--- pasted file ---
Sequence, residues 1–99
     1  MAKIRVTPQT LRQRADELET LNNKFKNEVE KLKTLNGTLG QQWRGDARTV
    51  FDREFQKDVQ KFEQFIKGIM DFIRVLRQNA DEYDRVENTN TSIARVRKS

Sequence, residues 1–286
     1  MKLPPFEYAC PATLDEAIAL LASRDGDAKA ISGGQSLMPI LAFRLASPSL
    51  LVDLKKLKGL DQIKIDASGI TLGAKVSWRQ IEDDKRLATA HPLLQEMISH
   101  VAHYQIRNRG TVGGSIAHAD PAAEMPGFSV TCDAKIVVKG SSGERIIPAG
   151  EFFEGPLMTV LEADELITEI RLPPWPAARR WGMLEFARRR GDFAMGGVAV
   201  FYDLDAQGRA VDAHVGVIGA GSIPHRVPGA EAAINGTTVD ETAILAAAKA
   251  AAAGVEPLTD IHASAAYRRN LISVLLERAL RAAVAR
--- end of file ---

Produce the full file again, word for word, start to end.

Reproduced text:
Sequence, residues 1–99
     1  MAKIRVTPQT LRQRADELET LNNKFKNEVE KLKTLNGTLG QQWRGDARTV
    51  FDREFQKDVQ KFEQFIKGIM DFIRVLRQNA DEYDRVENTN TSIARVRKS

Sequence, residues 1–286
     1  MKLPPFEYAC PATLDEAIAL LASRDGDAKA ISGGQSLMPI LAFRLASPSL
    51  LVDLKKLKGL DQIKIDASGI TLGAKVSWRQ IEDDKRLATA HPLLQEMISH
   101  VAHYQIRNRG TVGGSIAHAD PAAEMPGFSV TCDAKIVVKG SSGERIIPAG
   151  EFFEGPLMTV LEADELITEI RLPPWPAARR WGMLEFARRR GDFAMGGVAV
   201  FYDLDAQGRA VDAHVGVIGA GSIPHRVPGA EAAINGTTVD ETAILAAAKA
   251  AAAGVEPLTD IHASAAYRRN LISVLLERAL RAAVAR